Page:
We also know that, because of unpaid tax, Rangers should not have been granted a licence to play in Europe in 2011/12, but the SFA gave them one anyway.  Regan has tried to appease by detailing his Compliance Officer to look into this, but that has satisfied no-one.

Regan's big advantage is that his organization is not really accountable to anyone - fans, clubs or otherwise.  That's how he has managed to survive as Chief Executive for seven years despite a tenure known more for big dinners than big achievements.  And given that the leadership of SFA generally operates like an old boys' club, it suits those next in line for the status quo to remain.

Which is why Celtic's decision to throw a spanner in the works came as a bit of a surprise.  Their chief exec, Peter Lawwell, is on the SFA board (he was appointed in 2013).  And yet his club stuck the boot in on Saturday with a statement criticizing the SFA's decision not to commission an independent review.  Moreover, they said that failure to do so would "represent a failure in transparency, accountability and leadership".

This is surely not too far away from being a vote of no confidence.

It also puts Regan in a terrible bind now.  Agreeing to the enquiry now looks like capitulating to the thrall and influence of Scotland's biggest club; conversely, rejecting Celtic's demands makes it look like they have something to hide.  As much as we all love a good conspiracy, Duncan Mackay on Twitter made an excellent point:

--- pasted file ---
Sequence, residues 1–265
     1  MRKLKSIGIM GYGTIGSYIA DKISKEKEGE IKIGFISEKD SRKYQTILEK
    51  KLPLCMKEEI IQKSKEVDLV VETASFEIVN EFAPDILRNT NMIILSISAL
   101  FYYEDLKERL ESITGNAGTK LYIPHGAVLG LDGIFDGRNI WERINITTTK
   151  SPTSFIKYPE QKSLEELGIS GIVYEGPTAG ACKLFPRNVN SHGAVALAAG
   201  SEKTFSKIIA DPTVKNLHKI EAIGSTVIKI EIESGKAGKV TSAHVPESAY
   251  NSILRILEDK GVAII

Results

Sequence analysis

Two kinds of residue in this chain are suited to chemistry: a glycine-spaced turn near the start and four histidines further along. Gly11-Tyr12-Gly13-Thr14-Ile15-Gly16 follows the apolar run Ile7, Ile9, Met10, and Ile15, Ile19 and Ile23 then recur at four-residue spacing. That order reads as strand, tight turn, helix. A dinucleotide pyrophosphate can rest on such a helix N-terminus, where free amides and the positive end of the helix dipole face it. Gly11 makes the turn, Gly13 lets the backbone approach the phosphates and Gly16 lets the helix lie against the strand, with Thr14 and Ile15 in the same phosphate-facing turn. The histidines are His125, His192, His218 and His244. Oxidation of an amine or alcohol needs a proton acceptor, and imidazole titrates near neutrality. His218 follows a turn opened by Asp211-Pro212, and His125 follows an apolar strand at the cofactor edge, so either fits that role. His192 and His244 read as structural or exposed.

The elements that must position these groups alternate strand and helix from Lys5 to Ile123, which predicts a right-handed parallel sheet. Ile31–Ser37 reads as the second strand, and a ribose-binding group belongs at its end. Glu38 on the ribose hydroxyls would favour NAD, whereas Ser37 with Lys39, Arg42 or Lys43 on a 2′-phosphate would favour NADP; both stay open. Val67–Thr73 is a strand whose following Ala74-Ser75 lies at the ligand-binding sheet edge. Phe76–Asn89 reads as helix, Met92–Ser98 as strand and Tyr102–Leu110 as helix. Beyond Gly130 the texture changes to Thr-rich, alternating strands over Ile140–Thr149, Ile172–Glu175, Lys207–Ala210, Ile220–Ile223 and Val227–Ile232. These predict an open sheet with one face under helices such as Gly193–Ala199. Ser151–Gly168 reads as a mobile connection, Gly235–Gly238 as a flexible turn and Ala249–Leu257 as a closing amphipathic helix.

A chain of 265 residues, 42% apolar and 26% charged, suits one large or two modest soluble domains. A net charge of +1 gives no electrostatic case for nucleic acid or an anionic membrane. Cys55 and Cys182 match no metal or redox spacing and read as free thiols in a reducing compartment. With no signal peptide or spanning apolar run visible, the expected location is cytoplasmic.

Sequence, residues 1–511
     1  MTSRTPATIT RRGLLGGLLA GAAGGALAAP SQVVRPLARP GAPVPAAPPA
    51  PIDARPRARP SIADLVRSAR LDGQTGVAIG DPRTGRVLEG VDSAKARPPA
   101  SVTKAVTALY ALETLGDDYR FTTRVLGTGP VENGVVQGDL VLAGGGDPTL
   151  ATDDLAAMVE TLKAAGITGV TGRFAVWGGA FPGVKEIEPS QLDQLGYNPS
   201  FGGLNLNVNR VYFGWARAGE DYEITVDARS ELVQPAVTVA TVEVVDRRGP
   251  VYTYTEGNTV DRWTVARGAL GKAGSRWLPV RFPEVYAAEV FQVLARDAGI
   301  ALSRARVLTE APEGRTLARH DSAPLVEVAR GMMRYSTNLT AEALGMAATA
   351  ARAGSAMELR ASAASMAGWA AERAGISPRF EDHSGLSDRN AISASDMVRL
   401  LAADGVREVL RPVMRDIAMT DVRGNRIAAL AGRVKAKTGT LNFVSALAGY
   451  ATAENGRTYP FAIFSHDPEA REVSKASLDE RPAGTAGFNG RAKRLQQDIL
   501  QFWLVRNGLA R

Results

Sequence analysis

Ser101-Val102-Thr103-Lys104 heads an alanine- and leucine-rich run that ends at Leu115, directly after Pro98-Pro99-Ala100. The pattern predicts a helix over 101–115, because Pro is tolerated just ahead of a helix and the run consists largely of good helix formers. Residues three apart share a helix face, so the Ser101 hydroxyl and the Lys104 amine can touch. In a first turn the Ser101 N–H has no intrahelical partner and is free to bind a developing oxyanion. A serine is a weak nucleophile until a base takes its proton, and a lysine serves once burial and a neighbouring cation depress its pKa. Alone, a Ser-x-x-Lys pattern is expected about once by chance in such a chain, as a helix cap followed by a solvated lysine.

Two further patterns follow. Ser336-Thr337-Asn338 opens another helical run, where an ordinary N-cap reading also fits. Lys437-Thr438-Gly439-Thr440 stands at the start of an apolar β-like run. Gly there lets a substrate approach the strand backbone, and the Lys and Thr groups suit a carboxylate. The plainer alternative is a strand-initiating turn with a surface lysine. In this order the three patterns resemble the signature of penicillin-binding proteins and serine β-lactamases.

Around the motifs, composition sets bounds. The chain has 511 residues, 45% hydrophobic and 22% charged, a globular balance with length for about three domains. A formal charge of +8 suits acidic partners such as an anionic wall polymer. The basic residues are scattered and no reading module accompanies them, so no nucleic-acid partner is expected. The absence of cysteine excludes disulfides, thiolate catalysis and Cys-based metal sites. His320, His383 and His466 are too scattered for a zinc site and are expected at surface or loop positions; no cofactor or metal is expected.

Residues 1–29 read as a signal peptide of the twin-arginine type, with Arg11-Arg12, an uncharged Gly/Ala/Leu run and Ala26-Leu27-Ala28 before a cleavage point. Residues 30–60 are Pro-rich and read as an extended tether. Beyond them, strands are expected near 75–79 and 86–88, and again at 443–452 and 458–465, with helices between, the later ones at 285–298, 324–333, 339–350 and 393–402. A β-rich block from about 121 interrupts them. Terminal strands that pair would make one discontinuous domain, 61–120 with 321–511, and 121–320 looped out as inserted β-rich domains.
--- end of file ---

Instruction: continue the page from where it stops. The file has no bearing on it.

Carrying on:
But even if Regan and his cronies simply screwed up big-time, that would be a huge issue in itself, one that would make his position untenable.

That said, what is Celtic's motivation here?  They could simply be playing to the gallery, sating the appetites of their diehard supporters who demand Rangers be crushed for all time as punishment for their tax-avoiding sins.  Or this could be out of genuine concern regarding the governance of Scottish football (being a cynic, I couldn't stop myself from rolling my eyes as I typed that sentence).

A more likely reason may be that the club have scented the huge weakness in the SFA and see this as the perfect opportunity to try and elicit greater influence - whether that is for Celtic alone, or for all Scotland's clubs in general (after all, the SPFL have also agreed that a review is required), is unclear.

What is certain though is that, for the first time in his seven years in charge of the Scottish Football Association, incompetence may actually be close to costing Stewart Regan his job.  And it's difficult to see how he can wiggle his way out of this situation.

Lawrie Spence (LS) has ranted and spouted his ill-informed opinions on Narey's Toepoker since September 2007.  He has a life outside this blog.  Honestly.